Keeping kids safe from sexual abuse takes some serious awareness and know-how. Here’s the experience that taught me a hard truth: what I thought I knew wasn’t enough.
On an ordinary weekday afternoon, one of my worst fears came true: one of my children came out of an extracurricular activity and told me that the supervising adult had touched him inappropriately.
The scariest part is that it happened even though I’ve educated my children from an early age and even though I was sitting in the adjacent room with the door wide open. The only thing I know to do in the face of this overwhelming reality is to give fearless voice to it for the sake of others and stay vigilant about preparing my children to protect themselves.
I can’t imagine the weight of what we would carry if we hadn’t caught it right away, and because I think most families wouldn’t have caught it as easily as we did, I’ve decided to speak up.
How We Caught It
My child didn’t just get in the car and spill his guts. I had to know to ask, and he had to feel like it was okay to tell.
I spent a lot of time as a single parent when my kids were very young, and it didn’t take me long to learn that child predators often target single parent families. We need more help and accept it often—from babysitting offers to companionship at home.
Knowing that I needed to protect my children, here’s how I chose to equip them:
1. I educated them early and often.
My children were one and three when I first started talking to them about okay touch, not okay touch. Even though my youngest couldn’t understand at first, he was present when I talked to my oldest, and he began to comprehend as he got older.
I taught my children that they’re allowed to say no if anyone touches them in a not okay way, or even an okay way that they don’t want. I taught them that there are no secrets—they can tell me anything, even if someone says not to.
The bathtub was a good place for us to start talking about the topic. It was easy and natural for them to see and understand the parts of their body and which areas are private.
2. I asked questions.
Whenever something seems even remotely suspicious, I ask questions. My kids often don’t share information unless they’re asked, and I’m not afraid to explore with probing questions.
Examples that have been helpful for us are: “It sounded like you were having a lot of fun in there. What was making you laugh so much?” and “It seems like you don’t enjoy being around Mr. So-and-So. Is there anything about him that you want to tell me?”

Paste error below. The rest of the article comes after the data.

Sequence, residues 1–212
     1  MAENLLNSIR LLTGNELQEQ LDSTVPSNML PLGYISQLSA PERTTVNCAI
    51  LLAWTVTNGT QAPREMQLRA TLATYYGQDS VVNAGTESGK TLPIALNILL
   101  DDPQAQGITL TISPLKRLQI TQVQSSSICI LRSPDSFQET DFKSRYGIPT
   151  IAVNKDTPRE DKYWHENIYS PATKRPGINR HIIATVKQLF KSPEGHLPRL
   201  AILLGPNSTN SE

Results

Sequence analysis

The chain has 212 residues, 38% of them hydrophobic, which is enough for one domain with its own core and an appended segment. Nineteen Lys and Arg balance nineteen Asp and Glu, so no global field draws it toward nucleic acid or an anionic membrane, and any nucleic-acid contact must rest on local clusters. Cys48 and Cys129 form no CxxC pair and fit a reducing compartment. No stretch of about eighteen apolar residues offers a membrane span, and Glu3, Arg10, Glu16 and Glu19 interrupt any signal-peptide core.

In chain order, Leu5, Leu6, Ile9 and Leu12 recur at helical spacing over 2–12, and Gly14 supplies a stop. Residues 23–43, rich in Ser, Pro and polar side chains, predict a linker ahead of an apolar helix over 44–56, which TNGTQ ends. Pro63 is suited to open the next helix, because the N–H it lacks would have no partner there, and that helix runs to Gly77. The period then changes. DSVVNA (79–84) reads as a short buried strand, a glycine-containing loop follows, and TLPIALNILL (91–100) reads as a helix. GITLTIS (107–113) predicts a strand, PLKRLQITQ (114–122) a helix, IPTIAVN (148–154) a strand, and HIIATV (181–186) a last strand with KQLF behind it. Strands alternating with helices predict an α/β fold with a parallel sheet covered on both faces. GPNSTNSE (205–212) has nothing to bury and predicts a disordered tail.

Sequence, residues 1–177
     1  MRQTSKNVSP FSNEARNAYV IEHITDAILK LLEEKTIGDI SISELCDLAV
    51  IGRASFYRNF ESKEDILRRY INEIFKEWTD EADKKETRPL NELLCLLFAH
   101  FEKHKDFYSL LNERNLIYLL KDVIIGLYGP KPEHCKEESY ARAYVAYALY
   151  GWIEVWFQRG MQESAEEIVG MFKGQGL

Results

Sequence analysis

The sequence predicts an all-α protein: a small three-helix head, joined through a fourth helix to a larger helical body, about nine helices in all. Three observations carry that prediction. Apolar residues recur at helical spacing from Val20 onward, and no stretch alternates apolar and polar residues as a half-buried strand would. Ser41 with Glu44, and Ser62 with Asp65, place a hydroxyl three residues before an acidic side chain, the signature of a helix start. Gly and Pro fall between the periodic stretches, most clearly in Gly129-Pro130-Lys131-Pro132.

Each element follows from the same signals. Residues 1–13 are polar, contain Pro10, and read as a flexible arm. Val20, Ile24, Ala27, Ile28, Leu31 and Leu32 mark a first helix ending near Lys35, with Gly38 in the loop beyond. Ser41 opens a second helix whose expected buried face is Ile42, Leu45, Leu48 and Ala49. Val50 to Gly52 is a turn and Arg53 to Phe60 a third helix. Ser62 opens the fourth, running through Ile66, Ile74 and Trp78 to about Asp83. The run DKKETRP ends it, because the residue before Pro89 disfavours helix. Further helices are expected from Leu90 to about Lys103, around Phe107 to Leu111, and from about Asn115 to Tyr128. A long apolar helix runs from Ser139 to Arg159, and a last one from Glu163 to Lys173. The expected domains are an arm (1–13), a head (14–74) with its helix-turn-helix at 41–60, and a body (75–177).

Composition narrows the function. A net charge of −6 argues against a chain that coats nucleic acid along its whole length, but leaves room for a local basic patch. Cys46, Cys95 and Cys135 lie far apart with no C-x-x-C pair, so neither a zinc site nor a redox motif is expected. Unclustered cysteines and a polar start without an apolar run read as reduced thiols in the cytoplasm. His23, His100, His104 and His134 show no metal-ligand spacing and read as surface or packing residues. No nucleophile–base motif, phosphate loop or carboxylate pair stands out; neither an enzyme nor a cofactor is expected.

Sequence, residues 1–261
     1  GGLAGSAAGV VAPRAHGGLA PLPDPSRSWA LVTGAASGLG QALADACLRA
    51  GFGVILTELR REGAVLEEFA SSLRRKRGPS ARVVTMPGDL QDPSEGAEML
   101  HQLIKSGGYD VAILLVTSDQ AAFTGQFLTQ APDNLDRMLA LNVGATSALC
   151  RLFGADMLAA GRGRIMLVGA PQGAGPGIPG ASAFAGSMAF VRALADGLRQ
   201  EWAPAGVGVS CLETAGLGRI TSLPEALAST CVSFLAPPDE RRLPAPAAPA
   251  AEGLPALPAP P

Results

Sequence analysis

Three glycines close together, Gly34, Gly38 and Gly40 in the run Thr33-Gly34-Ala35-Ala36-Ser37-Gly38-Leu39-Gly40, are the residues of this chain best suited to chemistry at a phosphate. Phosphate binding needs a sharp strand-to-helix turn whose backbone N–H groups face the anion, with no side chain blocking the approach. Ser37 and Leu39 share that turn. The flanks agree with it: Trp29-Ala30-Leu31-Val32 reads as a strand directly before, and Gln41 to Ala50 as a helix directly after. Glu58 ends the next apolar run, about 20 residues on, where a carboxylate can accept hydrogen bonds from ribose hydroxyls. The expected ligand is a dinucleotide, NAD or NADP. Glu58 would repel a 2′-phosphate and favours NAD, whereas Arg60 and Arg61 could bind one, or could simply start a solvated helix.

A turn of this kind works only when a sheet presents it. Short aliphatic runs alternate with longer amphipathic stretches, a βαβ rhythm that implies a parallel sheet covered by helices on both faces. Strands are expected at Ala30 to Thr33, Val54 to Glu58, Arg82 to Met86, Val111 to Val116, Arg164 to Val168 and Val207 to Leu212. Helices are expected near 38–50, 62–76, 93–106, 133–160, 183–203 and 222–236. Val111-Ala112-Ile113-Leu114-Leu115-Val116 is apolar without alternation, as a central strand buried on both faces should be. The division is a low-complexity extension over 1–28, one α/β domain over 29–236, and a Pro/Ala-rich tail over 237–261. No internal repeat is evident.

3. I designated a regular time for talking.
When I noticed that my children weren’t good about putting words to their feelings, I added a new step to our bedtime routine. After stories and lights out, I lay next to them as usual, but then I started asking “Is there anything anybody feels like they need to talk about tonight?”
The first time I asked, the answer was no. But I kept asking, and eventually they started talking. One night I forgot to ask, and as we were laying there in the dark, my oldest son said, “Mommy, are you going to ask if I have anything I need to talk about?” I thanked him for reminding me and asked the question he was expecting.
“Do you have anything you need to talk about tonight?” I said.
“No,” he replied.
I laughed and realized that whether or not they had something to say, talking time had become part of their routine. It gave them practice at communicating the things that were important to them and provided them a designated time to check in with themselves and with me.
4. I don’t expose them to unnecessary risk.
Most kids know their attackers, and I’ve learned to rule no one out. I don’t take just anybody’s offer to babysit, and I understand that child predators can be masked as significant others, friends, teachers, parents, family members, and even other kids. This is where a parent’s intuition comes into play as well as logical preventative steps like educating your child and avoiding leaving them alone in an unexposed area, one-on-one with another adult.